As soon as I spotted this sandwich created by Michigan artist Jaye Schlesinger I was a goner.
Those of you who nosh here regularly know I have a penchant for photorealistic paintings. Especially of food. It’s a good calorie-free, guilt-free way to indulge (my eyes are always happy to do the chewing). 🙂
What’s interesting about Jaye’s formal training is that she holds MFA’s in both Painting and Medical Illustration (both from the University of Michigan, Ann Arbor). When I read that she worked as a medical illustrator for fifteen years, producing art for textbooks and journal articles, I thought, aha! — that accounts for her precision.
Ah, breakfast with Van Gogh. What could be better?
A crunchy bowl of Ben Steele’s Earrios will get you off to a great start. What’s that? You want more? Can’t say I blame you.
Once you’ve seen one Ben Steele painting, you crave another and another . . .
Originally from Washington state, Ben relocated to Utah when he was in his teens. He earned a BFA in painting and drawing from the University of Utah, then moved to Helper, Utah, where he studied under the instruction of David Dorman and Paul Davis at the Helper Art Workshops. He recently converted a vacant bottling and beverage distribution warehouse into an enormous studio that will accommodate large scale work.
Ben’s paintings are a unique mash-up of art history and pop culture, a wide-ranging oeuvre that includes landscape, still life, portraiture, and other things in-between. He calls himself a “pop realist,” an artist with an ever evolving style who’s successfully imbued classic techniques with a contemporary sensibility.
With equal measures of playfulness and nostalgia, Steele taps into America’s collective imagination by incorporating iconic brands such as Crayola, Coca-Cola, and Campbell’s Soup. Referencing the American West, Hollywood legends, and major figures in American history (to include several Presidents), his art resonates across generations with its social, political, and cultural overtones.
“Man who invented the hamburger was smart; man who invented the cheeseburger was a genius.” ~ Matthew McConaughey
SHORT-ORDER COOK by Jim Daniels
An average joe comes in
and orders thirty cheeseburgers and thirty fries.
I wait for him to pay before I start cooking.
He ain’t no average joe.
The grill is just big enough for ten rows of three.
I slap the burgers down
throw two buckets of fries in the deep frier
and they pop pop, spit spit . . .
pssss . . .
The counter girls laugh.
It is the crucial point —
they are ready for the cheese:
my fingers shake as I tear off slices
toss them on the burgers/fries done/dump/
refill buckets/burgers ready/flip into buns/
beat that melting cheese/wrap burgers in plastic/
into paper bags/fried done/dump/fill thirty bags/
bring them to the counter/wipe sweat on sleeve
and smile at the counter girls.
I puff my chest out and bellow:
Thirty cheeseburgers! Thirty fries!
I grab a handful of ice, toss it in my mouth
do a little dance and walk back to the grill.
Pressure, responsibility, success.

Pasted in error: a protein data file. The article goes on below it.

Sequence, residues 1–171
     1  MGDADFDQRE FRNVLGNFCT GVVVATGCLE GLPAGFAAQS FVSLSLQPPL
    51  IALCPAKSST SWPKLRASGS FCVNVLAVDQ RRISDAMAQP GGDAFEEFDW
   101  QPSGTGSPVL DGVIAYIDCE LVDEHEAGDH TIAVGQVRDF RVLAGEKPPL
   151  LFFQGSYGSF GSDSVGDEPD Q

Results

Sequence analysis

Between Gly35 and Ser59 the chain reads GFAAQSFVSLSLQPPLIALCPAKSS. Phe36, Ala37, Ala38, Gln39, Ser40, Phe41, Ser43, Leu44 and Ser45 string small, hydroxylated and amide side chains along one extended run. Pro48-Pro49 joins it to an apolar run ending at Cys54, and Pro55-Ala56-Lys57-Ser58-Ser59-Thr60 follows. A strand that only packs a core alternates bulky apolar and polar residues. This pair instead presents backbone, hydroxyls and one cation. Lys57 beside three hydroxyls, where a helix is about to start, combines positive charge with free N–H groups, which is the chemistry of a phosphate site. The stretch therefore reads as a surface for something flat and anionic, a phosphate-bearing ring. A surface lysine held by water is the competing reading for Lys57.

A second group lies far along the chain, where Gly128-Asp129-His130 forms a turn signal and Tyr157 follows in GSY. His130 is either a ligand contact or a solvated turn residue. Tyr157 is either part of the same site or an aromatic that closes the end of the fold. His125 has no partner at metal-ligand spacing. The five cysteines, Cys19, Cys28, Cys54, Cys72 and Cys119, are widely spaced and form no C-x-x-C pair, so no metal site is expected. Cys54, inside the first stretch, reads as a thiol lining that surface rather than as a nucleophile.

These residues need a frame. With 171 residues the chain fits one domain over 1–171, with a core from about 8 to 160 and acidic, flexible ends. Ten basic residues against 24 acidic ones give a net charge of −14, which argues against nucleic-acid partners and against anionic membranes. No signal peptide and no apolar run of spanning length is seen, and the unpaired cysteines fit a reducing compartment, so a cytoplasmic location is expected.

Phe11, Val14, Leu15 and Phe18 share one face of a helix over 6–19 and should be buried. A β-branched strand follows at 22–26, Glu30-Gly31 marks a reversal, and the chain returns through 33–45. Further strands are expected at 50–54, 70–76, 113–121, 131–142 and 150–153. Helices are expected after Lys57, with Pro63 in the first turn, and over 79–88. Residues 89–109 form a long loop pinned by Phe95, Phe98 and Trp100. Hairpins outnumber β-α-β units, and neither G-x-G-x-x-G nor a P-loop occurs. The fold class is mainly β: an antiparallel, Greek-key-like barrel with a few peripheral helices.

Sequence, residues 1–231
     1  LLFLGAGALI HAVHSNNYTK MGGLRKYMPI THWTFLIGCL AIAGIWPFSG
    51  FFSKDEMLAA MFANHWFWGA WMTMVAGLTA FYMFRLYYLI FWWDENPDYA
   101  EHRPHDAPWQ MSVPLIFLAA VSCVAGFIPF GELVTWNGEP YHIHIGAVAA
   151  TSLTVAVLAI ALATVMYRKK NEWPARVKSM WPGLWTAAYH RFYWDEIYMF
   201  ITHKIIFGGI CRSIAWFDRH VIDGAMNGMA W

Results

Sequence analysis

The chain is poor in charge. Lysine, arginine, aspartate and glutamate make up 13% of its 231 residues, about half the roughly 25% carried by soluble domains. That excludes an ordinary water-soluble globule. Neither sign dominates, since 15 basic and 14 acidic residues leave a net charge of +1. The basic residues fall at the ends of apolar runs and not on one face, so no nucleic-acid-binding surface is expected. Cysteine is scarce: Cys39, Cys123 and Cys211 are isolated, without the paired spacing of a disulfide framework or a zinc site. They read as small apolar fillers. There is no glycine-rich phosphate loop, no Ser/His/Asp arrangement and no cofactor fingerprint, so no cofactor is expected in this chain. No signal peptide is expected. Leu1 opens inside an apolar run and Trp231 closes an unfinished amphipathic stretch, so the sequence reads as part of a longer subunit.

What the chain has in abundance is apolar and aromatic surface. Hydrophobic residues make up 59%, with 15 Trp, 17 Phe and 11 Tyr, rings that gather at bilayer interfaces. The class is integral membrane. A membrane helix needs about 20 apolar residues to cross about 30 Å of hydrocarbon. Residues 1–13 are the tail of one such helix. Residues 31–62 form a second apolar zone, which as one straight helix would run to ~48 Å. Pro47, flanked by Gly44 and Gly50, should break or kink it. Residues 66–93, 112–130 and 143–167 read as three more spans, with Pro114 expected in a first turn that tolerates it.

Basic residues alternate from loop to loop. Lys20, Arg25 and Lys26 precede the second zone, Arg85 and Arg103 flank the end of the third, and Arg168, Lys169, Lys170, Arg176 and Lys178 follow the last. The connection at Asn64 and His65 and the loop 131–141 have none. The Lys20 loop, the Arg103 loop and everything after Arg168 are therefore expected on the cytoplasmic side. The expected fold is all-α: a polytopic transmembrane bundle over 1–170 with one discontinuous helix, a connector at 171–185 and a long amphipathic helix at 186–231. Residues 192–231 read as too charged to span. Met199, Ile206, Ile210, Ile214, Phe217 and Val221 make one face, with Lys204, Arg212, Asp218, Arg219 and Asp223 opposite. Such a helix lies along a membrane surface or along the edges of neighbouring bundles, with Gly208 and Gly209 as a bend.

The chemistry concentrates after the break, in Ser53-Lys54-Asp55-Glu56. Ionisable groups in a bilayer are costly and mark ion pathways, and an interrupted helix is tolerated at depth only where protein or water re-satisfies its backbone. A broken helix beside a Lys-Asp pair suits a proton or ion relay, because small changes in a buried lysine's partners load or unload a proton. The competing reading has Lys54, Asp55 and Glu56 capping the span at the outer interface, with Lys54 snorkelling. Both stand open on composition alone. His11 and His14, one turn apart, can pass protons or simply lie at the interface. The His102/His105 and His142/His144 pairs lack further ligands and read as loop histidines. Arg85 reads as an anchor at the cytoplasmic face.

Thirty cheeseburgers, thirty fries.
Nothing beats the good feeling of a job well done. As Philip Stanhope, the 4th Earl of Chesterfield once said, “Whatever is worth doing at all is worth doing well.”
Flipping burgers, a minimum wage job — nothing out of the ordinary. Yet it’s not every day one is asked to fill a thirty cheeseburger/thirty fries order, and I like how this particular short-order cook pulled if off with such aplomb.
Not letting the counter girls distract him, keeping his nerves in check, orchestrating every move as he jockeys burgers, cheese, buns, fries, wrapping and bagging — quite a feat. He had a system and it worked. Yes, he should be proud, munch on that ice and do a little dance!
There is no job too small to warrant our full attention. We make our own rewards. Chances are, none of the counter girls could have done what the short-order cook did, or as well. Sure, he had probably cooked dozens of cheeseburgers before, just not thirty all at once. But when the need arose, everything he had done up until then prepared him to meet that challenge.
The masterful cheeseburger and fries paintings in this post were created by Dutch megarealistic artist Tjalf Spaarnay. Yes, they look like photos, and give us the chance to re-examine ordinary foods we take for granted. I love how he has elevated fast food, showing it off in beautiful, meticulous, mouthwatering detail (french fries just happen to be Spaarnay’s favorite).
In his poem, Jim Daniels gave the often overlooked or undervalued fast food worker a moment in the spotlight, a good reminder to relish small victories because they keep us going and growing.
Okay, now I really want a cheeseburger with fries . . . and a little dessert, of course. 🙂
🎉 BOOK GIVEAWAY WINNERS! 🎈
We are pleased to announce the following giveaway winners:
For a copy of DREAMING OF YOU by Amy Ludwig VanDerwater and Aaron DeWitt, the winner is:
🎨 DIANE MAYR!! 🌺
And for a signed copy of DUMPLING SOUP by Jama Kim Rattigan and Lillian Hsu-Flanders + a $50 Amazon gift card, the winner is:
🥢 KELLY D! 🍲
WooHoo! Congratulations to Diane and Kelly!!!
Thanks to everyone for all the great comments. Especially appreciate all the nice Happy Anniversary wishes. 🙂
More giveaways coming soon, so stay tuned!
Erin is hosting the Roundup at The Water’s Edge. Twinkle toe on over and check out the full menu of poetic goodness being served up in the blogosphere this week. Happy Reading!